The "interesting" and "too hard" questions really boil down to your target audience. Who is supposed to play this game? People who like Axis & Allies, Eurogamers, hardcore wargamers, etc. Wargamers don't mind complexity and bookkeeping while casual gamers probably do not. Once you know who you are designing for you can then make consistent design choices with that audience and game type in mind.

I wouldn't worry about component type for now. As mentioned, unless you're going for a casual gamer for whom little plastic figures is appealing, you can get away with any kind of component if the game is good.

twotofour's picture
Joined: 11/13/2009

I agree, sometimes less is more.
I tend to think that the more complex or broad the subject matter is, the more simple and refined your approach should be.
This can also work in reverse too. Quite fun to develop layers of complexity from a very simple starting point.
Anyway, if you can understand your user you can react accordingly!

Nix_'s picture
Joined: 09/23/2009
If you can really fit all of

If you can really fit all of those concepts of war into a board game it would be amazing. It just seems like your players might spend more time figuring out how and what to play then actually playing it, but keep going on your design it's always fun to see how things turn out.

Joined: 11/23/2009
hi! Ok, this is my game idea.


Ok, this is my game idea. It is a stratagy/rpg game.
Introduction: You start as a regular citizen in a small poor city with absoulutly nothing except for 1 goal. To make you village rise so people know of it, have citizens come, etc. Since the city is so poor, it has no empire or ruler. You dicide to make a campiegn for empire. You will automaticly get position as an empire, but the better your campiegn, the ...

[url=] instyler [/url]

Joined: 12/03/2009
I think

I think so
tuyen dung | tim viec | viec lam

Momerath's picture
Joined: 01/16/2009
Keep it Simple!

It does seem like you are making this harder than it needs to be. World War II was complicated, which is why some historians have devoted their entire careers to understanding it. War games tend to be more complicated than other types - but even the most realistic war game is still a gross oversimplification of its subject matter. They must be, in order to be playable and fun.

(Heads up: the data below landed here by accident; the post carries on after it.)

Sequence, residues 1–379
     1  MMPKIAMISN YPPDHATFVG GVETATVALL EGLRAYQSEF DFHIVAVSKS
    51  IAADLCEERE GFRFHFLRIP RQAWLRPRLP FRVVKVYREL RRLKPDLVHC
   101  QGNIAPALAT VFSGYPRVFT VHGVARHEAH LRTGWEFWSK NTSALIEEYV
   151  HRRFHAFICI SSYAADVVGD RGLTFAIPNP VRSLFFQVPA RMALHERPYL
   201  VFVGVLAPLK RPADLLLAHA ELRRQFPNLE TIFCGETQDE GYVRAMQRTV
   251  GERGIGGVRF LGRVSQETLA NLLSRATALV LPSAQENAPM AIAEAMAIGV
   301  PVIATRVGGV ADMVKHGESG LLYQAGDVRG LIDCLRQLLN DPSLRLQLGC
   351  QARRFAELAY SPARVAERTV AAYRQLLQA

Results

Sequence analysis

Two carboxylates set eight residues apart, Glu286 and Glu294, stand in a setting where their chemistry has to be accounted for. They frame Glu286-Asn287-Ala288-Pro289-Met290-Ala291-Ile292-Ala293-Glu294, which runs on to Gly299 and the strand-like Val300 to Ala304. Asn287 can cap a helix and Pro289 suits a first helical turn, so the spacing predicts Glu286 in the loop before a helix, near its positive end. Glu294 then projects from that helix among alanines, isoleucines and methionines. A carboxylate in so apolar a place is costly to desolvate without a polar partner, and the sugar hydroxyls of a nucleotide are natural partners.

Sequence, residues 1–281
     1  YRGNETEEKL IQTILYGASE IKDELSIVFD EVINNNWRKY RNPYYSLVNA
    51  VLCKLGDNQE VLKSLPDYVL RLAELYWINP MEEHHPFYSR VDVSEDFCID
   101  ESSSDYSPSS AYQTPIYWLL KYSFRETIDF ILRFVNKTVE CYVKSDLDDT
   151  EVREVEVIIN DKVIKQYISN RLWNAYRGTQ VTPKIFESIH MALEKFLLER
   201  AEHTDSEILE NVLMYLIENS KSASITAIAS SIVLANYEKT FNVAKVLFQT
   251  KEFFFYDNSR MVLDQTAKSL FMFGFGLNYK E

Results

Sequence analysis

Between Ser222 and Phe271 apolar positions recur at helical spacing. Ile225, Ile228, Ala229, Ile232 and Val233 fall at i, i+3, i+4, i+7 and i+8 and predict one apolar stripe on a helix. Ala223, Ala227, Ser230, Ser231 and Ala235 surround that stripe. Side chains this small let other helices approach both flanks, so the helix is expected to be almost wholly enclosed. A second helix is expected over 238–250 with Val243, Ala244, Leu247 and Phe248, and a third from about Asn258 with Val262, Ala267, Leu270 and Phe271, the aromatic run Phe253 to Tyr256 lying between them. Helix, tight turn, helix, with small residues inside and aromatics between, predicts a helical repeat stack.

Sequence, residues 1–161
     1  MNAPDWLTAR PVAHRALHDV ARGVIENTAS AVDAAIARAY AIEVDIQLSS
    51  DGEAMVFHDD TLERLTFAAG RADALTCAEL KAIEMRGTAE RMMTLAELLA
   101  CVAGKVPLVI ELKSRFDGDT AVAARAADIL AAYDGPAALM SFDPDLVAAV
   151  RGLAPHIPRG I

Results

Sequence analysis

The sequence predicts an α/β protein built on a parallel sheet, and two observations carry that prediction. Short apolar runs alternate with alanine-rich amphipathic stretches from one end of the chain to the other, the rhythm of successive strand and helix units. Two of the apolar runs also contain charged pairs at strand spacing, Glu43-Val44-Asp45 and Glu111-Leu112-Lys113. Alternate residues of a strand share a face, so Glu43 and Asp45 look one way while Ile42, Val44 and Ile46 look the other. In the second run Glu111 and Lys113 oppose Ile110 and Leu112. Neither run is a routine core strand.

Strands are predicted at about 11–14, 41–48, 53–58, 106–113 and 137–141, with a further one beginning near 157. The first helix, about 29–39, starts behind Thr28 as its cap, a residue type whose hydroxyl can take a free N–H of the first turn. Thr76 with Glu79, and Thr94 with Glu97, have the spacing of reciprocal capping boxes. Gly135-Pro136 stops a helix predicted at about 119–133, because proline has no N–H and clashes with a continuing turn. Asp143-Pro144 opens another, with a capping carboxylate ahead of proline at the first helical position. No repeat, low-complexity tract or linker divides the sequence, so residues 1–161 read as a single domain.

Your instinct to limit this game to a fraction of the entire theater of war (and specifically an air war) is a good one. Now, do you really need 200 cities? Maybe 20 is enough. And while there's nothing wrong with fighting over resources (coal, magnesium, etc), it's best to focus on a few key types that are most relevant to the theme (again, air war in Europe). The simpler your game concept, the less work you will have to do to make it playable! Getting that first prototype made is not the end, it is only the beginning, so make the hard choices now about what to keep and what to throw away and you will save yourself so much time.

Simple systems are easier to understand, to design, and usually to play than complex ones. I would suggest you start with not enough of a game and end up with too much rather than the other way around. Knowing what to add is often much easier than knowing what to subtract.

red hare
red hare's picture
Joined: 11/09/2009
sounds interesting

Speaking as a person who likes to play war games that only last 2 to 3 hours and are not super complex, I agree with the others who have suggested limiting the number of cities and resources that are in play. It's a turn off to have to deal with so many pieces and turns that last 40 minutes each to play. Again, I'm only speaking for myself.

Victory conditions can be a fun aspect to your game. Does Germany need to incapacitate England's resources and/ or factories to win? Or eliminate all of their air defenses? Since America's infrastructure isn't on the map, can they be defeated or eliminated some how? Perhaps by a naval blockade of England?

Punch outs are not as fun as plastic/ wooden pieces.

Just some thoughts... let us know what you decide to do and how things work out